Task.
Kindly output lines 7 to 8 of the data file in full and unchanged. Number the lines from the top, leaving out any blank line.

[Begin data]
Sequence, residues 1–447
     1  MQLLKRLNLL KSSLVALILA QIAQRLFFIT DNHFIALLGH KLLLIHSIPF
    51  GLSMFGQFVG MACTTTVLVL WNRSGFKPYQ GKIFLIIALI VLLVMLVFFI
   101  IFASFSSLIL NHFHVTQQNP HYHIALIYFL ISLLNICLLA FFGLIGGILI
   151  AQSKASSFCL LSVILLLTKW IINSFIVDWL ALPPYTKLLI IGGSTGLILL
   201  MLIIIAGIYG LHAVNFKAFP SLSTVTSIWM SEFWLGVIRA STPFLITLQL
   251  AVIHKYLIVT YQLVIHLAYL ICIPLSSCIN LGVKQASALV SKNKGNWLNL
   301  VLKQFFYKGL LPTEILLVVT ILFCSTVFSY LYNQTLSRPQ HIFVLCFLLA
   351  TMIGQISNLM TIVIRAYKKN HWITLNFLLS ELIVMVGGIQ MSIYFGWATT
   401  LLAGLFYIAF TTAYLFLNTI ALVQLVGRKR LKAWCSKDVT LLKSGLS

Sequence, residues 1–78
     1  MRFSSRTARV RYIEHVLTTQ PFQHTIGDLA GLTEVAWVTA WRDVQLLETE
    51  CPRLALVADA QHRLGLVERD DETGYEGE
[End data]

   251  AVIHKYLIVT YQLVIHLAYL ICIPLSSCIN LGVKQASALV SKNKGNWLNL
   301  VLKQFFYKGL LPTEILLVVT ILFCSTVFSY LYNQTLSRPQ HIFVLCFLLA